These books offer tales of lions and lambs for young readers

Posted Online: Feb. 28, 2013, 11:32 pm
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By Dee Anderson
Whether or not March comes in like a lion and goes out like a lamb, why not read about these animals? Here are some suggestions for young readers:

-- In Barbara Brenner's easy reader, "Lion and Lamb Step Out," two friends share adventures.

-- When Louise Fatio's "The Happy Lion" leaves the zoo, he wonders why everyone runs from him.

-- Don Freeman's "Dandelion" discovers the importance of being oneself.

-- Michelle Knudsen's "Library Lion" makes himself at home in the local library.

-- The nearsighted heroine of Thomas McKean's humorous "Hooray for Grandma Jo!" entertains a lion, mistaking him for her grandson.

-- African folk tales include Jana Carson's "The Mighty Little Lion Hunter" and Nancy Raines Day's "The Lion's Whiskers," in which an Ethiopian woman gains the necessary patience to win her stepson's love by trying to get a lion's whiskers.

-- In folk-tale style, Mwenye Hadithi's "Lazy Lion" "explains" why lions don't have homes.

-- Fables include Gail Herman's "The Lion and the Mouse" (for beginning readers) and Jerry Pinkney's "The Lion and the Mouse" (wordless), plus Dennis Nolan's "Androcles and the Lion."

-- In James Daugherty's "Andy and the Lion," a contemporary version of the last, a boy befriends a circus lion.

-- Read the true story of a cub raised in London and released in Kenya in Justin Richardson's "Christian, the Hugging Lion" and Anthony Bourke's "Christian the Lion" (picture books) and Bourke's "Christian the Lion" (for intermediate readers).

-- Teens might like Joy Adamson's "Born Free," the true story of a lioness, and Bourke's "A Lion Called Christian."

-- Cathy Hapka's "A Lion's Pride" (photo essay) and Elizabeth Carney's "Everything Big Cats" (for older readers) tell about lions in the wild.

-- A lamb outwits a predator in Verna Aardema's Mexican folk tale, "Borreguita and the Coyote."

-- In Rob Lewis' "Friska, the Sheep That Was Too Small," the flock ridicules Friska -- until she saves their lives!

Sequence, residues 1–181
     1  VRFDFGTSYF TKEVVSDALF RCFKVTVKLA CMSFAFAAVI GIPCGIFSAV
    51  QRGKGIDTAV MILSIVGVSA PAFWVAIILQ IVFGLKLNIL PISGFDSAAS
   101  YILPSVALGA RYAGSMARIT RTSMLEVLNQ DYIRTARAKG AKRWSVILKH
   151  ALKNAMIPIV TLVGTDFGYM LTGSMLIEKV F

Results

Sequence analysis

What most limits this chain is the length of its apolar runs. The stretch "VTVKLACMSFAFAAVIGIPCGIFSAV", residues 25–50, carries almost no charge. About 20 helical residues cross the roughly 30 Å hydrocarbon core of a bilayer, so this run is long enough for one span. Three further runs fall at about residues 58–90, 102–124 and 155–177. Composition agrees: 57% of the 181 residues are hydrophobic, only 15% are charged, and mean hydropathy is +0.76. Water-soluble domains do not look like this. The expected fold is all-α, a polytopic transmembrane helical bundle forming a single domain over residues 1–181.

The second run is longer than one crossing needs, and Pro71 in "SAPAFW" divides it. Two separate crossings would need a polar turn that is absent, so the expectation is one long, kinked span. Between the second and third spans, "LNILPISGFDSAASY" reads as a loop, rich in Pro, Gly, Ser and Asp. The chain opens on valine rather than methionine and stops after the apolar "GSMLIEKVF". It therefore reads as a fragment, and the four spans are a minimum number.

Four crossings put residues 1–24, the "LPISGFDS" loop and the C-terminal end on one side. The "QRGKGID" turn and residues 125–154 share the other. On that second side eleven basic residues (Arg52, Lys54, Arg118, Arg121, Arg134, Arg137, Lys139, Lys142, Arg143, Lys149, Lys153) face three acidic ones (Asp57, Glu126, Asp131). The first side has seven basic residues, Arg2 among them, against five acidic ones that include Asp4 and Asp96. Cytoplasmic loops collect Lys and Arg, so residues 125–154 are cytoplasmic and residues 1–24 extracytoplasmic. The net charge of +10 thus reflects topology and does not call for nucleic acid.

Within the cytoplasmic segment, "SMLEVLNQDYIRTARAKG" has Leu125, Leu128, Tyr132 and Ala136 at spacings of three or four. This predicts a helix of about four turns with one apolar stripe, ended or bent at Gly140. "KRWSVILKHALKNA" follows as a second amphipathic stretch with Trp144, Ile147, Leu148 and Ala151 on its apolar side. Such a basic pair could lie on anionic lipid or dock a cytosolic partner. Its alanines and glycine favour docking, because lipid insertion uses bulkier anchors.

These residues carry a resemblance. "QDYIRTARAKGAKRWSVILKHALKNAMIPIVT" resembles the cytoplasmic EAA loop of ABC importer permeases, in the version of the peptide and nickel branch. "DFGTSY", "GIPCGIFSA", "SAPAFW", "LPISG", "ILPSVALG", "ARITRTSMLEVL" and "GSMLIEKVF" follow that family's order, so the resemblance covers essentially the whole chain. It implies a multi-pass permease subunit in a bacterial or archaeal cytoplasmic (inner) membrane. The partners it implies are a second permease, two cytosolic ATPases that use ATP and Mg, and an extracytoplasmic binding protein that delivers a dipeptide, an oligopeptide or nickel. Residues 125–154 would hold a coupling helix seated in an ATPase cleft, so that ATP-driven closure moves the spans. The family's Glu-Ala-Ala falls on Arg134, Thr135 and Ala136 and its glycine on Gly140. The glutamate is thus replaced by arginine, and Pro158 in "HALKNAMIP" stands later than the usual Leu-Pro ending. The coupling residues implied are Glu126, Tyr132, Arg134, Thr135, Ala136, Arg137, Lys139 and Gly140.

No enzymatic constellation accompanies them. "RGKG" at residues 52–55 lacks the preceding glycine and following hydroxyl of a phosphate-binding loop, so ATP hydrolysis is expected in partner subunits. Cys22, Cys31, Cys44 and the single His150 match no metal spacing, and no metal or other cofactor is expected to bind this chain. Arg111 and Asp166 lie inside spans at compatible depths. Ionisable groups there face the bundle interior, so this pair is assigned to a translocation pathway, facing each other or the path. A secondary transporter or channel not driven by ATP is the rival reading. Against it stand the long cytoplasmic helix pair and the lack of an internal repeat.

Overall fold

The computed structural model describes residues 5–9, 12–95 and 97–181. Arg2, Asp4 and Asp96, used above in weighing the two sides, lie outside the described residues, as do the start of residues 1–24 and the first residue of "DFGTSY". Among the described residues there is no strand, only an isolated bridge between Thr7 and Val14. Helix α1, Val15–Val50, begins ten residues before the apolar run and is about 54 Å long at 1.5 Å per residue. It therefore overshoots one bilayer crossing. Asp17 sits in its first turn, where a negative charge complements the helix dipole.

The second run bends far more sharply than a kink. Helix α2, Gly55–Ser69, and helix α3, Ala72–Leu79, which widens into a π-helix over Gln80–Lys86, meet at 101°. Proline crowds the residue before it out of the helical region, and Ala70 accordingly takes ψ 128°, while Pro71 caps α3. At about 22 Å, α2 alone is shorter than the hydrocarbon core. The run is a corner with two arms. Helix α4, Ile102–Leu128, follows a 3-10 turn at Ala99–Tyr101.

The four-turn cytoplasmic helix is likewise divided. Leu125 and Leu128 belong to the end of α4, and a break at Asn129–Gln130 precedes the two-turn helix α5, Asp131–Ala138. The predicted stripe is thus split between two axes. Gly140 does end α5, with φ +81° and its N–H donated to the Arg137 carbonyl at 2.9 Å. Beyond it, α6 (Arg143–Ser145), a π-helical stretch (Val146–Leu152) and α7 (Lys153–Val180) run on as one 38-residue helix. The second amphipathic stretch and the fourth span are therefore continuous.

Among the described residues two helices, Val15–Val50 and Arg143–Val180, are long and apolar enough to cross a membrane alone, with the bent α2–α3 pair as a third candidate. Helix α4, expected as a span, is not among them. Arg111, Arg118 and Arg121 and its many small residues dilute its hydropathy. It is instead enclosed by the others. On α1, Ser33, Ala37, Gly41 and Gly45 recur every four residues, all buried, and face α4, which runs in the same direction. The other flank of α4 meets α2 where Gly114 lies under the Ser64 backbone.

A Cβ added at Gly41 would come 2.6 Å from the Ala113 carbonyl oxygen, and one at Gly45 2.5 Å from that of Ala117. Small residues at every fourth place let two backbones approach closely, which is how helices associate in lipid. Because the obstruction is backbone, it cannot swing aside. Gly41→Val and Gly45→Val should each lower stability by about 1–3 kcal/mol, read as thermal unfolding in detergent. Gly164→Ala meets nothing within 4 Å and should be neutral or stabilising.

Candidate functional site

-- Nancy Shaw's "Sheep Out to Eat" enjoy the grass outside the restaurant more than the food served inside.

-- A funny mix-up befalls the woolly characters in Jocelyn Wild's "Florence and Eric Take the Cake."

-- Sing the text to "Mary Had a Little Lamb" with versions illustrated by Tomie de Paola, Mary Ann Hoberman, and Iza Trapani.

-- Picture books about shepherds and sheep include Debi Gliori's "The Snow Lambs," Martin Hall's "Charlie and Tess," Gail Carson Levine's "Betsy Who Cried Wolf," plus Kim Lewis' "Floss" and "Shepherd Boy." A pig herds sheep in Dick King-Smith's novel "Babe."

-- Picture books featuring sheep and their wool include Terri Sloat's rhyming "Farmer Brown Shears His Sheep" and Barbara Brooks Wallace's "Argyle," in which a sheep turns different colors, depending on its food.

-- True stories include Judy Dunn's photo essay "Little Lamb" and James Herriot's "Smudge, the Little Lost Lamb."

-- Enjoy Katy Hall's "Sheepish Riddles."

For other book titles, search the automated catalog at libraries and at rivershare.polarislibrary.com on computers for "lions" and "sheep." Browse numbers 599.757 (lions) and 636.3 (sheep).
Check It Out, covering the world of family literature and written by local librarian Dee Anderson, runs monthly.


Local events heading

  Today is Monday, Sept. 22, the 265th day of 2014. There are 100 days left in the year.

1864 -- 150 years ago: The board of education has granted Thursday as a holiday for the children, with the expectation that parents who desire to have their children attend the Scott County Fair will do so on that day and save irregularity the rest of the week.
1889 -- 125 years ago: The guard fence around the new cement walk at the Harper House has been removed. The blocks are diamond shape, alternating in black and white.
1914 -- 100 years ago: The Rev. R.B. Williams, former pastor of the First Methodist Church, Rock Island, was named superintendent of the Rock Island District.
1939 -- 75 years ago: Abnormally high temperatures and lack of rainfall in Illinois during the past week have speeded maturing of corn and soybean crops.
1964 -- 50 years ago: Installation of a new television system in St. Anthony's Hospital, which includes a closed circuit channel as well as the three regular Quad-Cities channels, has been completed and now is in operation.
1989 -- 25 years ago: When the new Moline High School was built in 1958, along with it were plans to construct a football field in the bowl near 34th Street on the campus. Wednesday afternoon, more than 30 years later, the Moline Board of Education Athletic Board sent the ball rolling toward the possible construction of that field by asking superintendent Richard Hennigan to take to the board of education a proposal to hire a consultant.

(More History)